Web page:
This is a piece written for us by a member of the infertility, loss, and adoption community.
She came home on their due date, three days before they were 11 weeks old. She was barely 6½ lbs and looked like a newborn. She wasn’t even wearing newborn clothes, still swimming in preemie clothes. We fought for this day. I cornered the doctors and let them know, in no uncertain terms, that I could take care of my baby. She wasn’t doing anything in that NICU that she wouldn’t do better at home. The stress of being in that hospital was killing me. I knew her brother needed more time, but she was ready. She, in her own way, told me that she wanted to be with her mommy. She ate better with me; she had fewer spells when I was feeding her. I could pull her out of the spells quicker than the nurses. The doctors were concerned that she was still dropping her heart rate when she ate; they said she was still choking and needed to mature. They were watching when the nurses fed her, not when I fed her. I asked to take them home on a monitor to prove to them that I was capable of caring for my daughter. There were two nurses on my side. They knew me and trusted me enough to back me up. I was still going to bring her in almost every day to be with her brother, but there was just so much more healing that could happen at home.
Seventy-four days before we walked out those doors, I had already been admitted to a hospital forty-five minutes away for ten days. My water had broke late in the evening when I was 28 weeks exactly. I know “exactly” because everything had already been controlled by doctors. From the growing and retrieval of my eggs, to the sperm meeting the egg, to the 5-day embryos being reintroduced to my body, everything was assisted by a doctor through IVF with ICSI. I was closely monitored from the moment we saw two sacs and two heartbeats. I was happy to see the babies so frequently, but I was getting tired of the doctors. Then my water broke and I was put on hospital bed rest. I was discouraged from moving around too much in order to keep me from furthering labor. They tried to stop my labor three times during that stay. The third time, it was not stopping. But I was okay. I knew in my heart of hearts that at 29 weeks and 3 days, my babies would have a fight, but they would be okay. And they fought, and fought hard.
My husband was not in the room when they were born. I had to be put under because my spinal block didn’t work in time. Once they were born, though, he was brought in. He said he was never so worried in his life. He said they were both blue and lifeless. The doctors worked feverishly to get them stable. Both had to be intubated, but he took pictures with his phone anyway. I’ve only looked at them a few times in eight months. Those photos scared me, even though they were pink by that time. I thought, maybe I was wrong, maybe they wouldn’t be okay, I shouldn’t have pushed so hard for the doctors to just take them because I was in such pain and didn’t want to be on magnesium anymore after this. I didn’t get to see them until that afternoon because I was still recovering from surgery. Though still groggy, and in severe pain, I begged to see my babies. They wheeled me upstairs and awkwardly maneuvered my bed next to theirs. I was instructed to stop stroking their backs, but to just lay my hand on them. Their bodies were barely longer than my petite hand was wide. It was weird to touch them, their skin felt so fragile, their limbs were so thin, almost like twigs. But after seeing them, my fears melted. They were strong, they would be okay.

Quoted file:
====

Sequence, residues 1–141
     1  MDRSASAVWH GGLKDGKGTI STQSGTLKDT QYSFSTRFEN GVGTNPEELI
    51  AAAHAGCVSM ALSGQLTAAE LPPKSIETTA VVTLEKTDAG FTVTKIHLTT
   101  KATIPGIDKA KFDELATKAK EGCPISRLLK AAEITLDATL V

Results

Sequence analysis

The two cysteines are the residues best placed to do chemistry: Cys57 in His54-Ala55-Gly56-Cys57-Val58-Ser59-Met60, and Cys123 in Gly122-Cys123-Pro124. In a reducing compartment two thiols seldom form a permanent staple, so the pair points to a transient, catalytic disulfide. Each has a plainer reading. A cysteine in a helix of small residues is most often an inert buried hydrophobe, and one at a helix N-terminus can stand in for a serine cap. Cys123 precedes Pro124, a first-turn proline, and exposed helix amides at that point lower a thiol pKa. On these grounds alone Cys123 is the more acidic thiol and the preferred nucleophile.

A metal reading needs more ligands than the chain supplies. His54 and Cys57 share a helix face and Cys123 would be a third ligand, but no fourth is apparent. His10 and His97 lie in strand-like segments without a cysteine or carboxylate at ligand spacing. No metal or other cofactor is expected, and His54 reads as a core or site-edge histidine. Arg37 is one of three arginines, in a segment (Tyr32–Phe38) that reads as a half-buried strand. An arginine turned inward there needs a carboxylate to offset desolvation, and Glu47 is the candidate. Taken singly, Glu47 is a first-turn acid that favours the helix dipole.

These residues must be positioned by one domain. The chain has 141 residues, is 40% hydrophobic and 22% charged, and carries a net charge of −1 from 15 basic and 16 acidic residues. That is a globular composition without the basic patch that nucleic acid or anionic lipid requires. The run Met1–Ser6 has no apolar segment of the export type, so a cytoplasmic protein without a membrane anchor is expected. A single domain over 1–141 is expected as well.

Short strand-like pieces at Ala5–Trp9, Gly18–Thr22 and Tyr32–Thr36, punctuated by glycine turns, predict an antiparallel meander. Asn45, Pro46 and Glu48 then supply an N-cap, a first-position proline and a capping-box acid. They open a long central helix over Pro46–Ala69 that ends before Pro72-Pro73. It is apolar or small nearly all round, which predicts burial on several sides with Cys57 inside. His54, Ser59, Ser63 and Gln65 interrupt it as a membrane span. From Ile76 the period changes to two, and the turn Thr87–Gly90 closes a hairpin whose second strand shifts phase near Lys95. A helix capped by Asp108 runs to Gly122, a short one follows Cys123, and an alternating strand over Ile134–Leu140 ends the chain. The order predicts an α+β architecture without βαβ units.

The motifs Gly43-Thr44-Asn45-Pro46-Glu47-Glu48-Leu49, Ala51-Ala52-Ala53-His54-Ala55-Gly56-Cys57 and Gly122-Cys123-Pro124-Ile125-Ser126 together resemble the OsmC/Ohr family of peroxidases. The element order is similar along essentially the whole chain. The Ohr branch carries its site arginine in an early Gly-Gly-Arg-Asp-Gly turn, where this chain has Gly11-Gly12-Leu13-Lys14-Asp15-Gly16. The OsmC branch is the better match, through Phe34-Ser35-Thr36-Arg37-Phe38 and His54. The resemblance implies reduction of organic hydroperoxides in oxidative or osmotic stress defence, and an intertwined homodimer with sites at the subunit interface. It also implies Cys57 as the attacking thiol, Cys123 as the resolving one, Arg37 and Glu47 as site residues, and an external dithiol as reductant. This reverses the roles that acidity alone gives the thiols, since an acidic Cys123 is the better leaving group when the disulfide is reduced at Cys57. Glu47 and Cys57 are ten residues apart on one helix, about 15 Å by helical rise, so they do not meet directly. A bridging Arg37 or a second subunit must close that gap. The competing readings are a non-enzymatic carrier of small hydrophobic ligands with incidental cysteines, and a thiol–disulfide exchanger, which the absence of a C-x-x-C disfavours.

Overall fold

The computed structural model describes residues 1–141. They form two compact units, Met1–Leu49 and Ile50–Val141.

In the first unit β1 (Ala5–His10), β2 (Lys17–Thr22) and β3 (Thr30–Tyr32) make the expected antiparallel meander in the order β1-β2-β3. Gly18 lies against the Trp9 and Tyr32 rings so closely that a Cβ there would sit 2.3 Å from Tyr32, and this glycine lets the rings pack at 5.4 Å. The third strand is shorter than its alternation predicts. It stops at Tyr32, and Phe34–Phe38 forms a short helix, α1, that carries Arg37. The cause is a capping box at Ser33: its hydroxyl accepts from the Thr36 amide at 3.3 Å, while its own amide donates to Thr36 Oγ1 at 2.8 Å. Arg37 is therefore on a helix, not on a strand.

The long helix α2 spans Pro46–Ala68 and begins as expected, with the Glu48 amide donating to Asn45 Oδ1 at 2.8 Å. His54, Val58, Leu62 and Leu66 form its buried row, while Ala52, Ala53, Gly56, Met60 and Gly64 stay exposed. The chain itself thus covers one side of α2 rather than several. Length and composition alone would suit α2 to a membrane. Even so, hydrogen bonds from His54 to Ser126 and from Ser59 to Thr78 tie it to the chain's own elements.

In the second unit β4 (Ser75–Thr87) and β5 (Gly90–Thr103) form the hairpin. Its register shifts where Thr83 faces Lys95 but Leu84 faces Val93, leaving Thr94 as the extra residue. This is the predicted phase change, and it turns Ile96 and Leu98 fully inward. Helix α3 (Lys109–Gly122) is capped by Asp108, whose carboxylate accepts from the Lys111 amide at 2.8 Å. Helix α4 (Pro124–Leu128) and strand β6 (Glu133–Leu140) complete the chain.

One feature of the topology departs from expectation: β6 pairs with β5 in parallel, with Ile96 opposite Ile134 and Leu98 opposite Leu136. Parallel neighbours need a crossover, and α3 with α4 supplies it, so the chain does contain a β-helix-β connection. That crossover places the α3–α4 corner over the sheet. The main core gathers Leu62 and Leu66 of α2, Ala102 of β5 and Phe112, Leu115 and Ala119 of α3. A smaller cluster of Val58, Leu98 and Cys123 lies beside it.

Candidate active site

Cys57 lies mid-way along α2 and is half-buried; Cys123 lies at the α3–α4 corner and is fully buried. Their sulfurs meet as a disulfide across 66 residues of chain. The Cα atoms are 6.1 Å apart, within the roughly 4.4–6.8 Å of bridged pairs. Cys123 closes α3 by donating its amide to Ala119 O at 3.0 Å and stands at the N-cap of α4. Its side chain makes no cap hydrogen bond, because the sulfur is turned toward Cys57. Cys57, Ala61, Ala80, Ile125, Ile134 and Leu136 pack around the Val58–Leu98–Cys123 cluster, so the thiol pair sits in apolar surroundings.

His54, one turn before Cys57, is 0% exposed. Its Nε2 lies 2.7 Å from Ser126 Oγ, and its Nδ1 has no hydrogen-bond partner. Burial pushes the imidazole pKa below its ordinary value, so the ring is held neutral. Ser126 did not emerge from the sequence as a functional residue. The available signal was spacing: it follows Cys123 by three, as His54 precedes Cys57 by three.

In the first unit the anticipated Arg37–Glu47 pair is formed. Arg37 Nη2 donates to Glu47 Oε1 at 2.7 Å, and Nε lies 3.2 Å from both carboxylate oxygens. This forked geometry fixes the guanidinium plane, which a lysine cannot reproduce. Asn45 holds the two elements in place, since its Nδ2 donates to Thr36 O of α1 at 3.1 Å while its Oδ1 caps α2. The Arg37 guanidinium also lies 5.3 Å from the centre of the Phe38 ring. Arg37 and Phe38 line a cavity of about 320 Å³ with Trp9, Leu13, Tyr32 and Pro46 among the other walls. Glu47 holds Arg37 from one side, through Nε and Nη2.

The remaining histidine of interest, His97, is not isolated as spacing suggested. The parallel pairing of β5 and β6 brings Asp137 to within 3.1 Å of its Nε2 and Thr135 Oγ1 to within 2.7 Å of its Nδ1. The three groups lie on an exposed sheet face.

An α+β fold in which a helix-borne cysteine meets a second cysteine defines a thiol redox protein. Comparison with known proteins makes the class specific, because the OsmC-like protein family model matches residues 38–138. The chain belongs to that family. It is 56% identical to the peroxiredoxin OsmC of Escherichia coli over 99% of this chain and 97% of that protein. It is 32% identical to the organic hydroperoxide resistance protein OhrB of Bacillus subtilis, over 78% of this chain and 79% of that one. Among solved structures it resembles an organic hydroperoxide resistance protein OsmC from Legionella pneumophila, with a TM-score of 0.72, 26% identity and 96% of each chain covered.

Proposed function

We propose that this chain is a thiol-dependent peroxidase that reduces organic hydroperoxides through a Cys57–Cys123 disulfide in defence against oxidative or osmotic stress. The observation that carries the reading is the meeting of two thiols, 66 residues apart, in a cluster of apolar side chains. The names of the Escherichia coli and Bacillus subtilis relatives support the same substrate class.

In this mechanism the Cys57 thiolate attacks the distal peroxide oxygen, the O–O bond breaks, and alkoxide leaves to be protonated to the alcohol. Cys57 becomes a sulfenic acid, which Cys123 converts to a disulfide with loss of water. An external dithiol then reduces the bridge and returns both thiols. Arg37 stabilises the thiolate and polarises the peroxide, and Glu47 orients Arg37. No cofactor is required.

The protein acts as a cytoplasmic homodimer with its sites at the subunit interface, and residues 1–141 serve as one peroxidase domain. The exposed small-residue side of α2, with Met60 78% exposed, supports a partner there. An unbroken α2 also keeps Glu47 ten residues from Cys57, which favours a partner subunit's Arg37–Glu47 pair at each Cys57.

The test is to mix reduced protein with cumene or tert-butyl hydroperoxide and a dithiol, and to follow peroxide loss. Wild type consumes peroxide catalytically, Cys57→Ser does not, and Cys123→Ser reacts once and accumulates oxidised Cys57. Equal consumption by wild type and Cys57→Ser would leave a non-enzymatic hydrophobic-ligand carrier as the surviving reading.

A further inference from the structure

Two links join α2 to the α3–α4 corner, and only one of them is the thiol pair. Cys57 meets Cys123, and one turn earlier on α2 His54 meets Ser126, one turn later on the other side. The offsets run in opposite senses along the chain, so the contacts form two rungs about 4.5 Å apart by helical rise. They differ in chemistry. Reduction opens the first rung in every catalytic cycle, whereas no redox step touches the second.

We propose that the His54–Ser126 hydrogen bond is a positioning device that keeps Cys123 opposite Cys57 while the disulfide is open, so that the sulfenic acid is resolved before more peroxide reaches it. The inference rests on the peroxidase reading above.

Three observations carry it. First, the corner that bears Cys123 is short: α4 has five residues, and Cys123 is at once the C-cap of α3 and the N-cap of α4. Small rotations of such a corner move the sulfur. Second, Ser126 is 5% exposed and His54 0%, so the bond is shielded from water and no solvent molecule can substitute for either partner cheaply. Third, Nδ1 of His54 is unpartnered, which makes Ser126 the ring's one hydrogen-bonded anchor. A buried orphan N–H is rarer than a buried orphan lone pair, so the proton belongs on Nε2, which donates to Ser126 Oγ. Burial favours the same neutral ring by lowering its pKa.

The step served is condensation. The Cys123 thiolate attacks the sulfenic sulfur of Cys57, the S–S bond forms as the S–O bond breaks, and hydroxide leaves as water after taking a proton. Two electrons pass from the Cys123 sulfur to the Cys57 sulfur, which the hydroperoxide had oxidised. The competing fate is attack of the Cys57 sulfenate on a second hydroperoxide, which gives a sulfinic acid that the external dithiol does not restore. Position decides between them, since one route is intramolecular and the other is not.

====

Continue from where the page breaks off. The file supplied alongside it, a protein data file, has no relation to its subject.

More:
The following weeks, we all fought. I had a tough recovery, I fought to wake up to pump, I fought through getting sick the week after they discharged me. My husband fought to keep the household going, but even with my mother helping, it was still a struggle. Our oldest fought through confusion, why things were so different. NICU life was two steps forward and, depending on the day, one or three steps backwards. My babies were known as the naughty ones. Always keeping the nurses on their toes. I was there 8–12 hours a day, doing everything I could to help care for my babies. Then, at 6 weeks old, we fought to get them transferred to a closer hospital so it would be easier for us to visit. My being there more often was helping. I was able to better connect with the nurses. We worked better as a team. They heard my concerns and they better understood my kids. They fought for my kids. They knew my kids needed to be pushed, not coddled, to make strides. Especially our boy. We quickly found out that we had to give him a goal and show him where he needed to be in order to reach that goal, not just wait on him to show that he was ready. They allowed me to be more of a part of the care team, not just an outsider to hold and visit. They saw the strides my kids made when I was there, and the backslides when I wasn’t. They celebrated the accomplishments more and made me feel more secure that I did know my kids. They encouraged me to tell the doctors my concerns and backed me up, but they also kept me grounded when needed.